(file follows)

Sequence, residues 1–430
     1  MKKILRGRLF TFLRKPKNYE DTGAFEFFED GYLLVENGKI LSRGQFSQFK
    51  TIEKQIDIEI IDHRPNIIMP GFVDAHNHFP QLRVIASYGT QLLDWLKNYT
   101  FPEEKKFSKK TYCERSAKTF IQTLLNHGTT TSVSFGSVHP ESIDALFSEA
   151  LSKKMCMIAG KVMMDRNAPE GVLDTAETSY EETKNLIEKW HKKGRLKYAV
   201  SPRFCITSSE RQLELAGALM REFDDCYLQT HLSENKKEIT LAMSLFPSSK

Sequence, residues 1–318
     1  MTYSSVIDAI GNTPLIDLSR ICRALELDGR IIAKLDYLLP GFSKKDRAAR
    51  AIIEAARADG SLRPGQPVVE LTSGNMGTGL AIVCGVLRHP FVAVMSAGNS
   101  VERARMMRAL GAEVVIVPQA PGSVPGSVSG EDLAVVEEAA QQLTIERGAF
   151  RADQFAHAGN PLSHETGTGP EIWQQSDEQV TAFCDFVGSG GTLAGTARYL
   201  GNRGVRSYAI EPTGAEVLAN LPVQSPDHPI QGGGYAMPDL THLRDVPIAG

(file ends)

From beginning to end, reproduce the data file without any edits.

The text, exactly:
Sequence, residues 1–430
     1  MKKILRGRLF TFLRKPKNYE DTGAFEFFED GYLLVENGKI LSRGQFSQFK
    51  TIEKQIDIEI IDHRPNIIMP GFVDAHNHFP QLRVIASYGT QLLDWLKNYT
   101  FPEEKKFSKK TYCERSAKTF IQTLLNHGTT TSVSFGSVHP ESIDALFSEA
   151  LSKKMCMIAG KVMMDRNAPE GVLDTAETSY EETKNLIEKW HKKGRLKYAV
   201  SPRFCITSSE RQLELAGALM REFDDCYLQT HLSENKKEIT LAMSLFPSSK

Sequence, residues 1–318
     1  MTYSSVIDAI GNTPLIDLSR ICRALELDGR IIAKLDYLLP GFSKKDRAAR
    51  AIIEAARADG SLRPGQPVVE LTSGNMGTGL AIVCGVLRHP FVAVMSAGNS
   101  VERARMMRAL GAEVVIVPQA PGSVPGSVSG EDLAVVEEAA QQLTIERGAF
   151  RADQFAHAGN PLSHETGTGP EIWQQSDEQV TAFCDFVGSG GTLAGTARYL
   201  GNRGVRSYAI EPTGAEVLAN LPVQSPDHPI QGGGYAMPDL THLRDVPIAG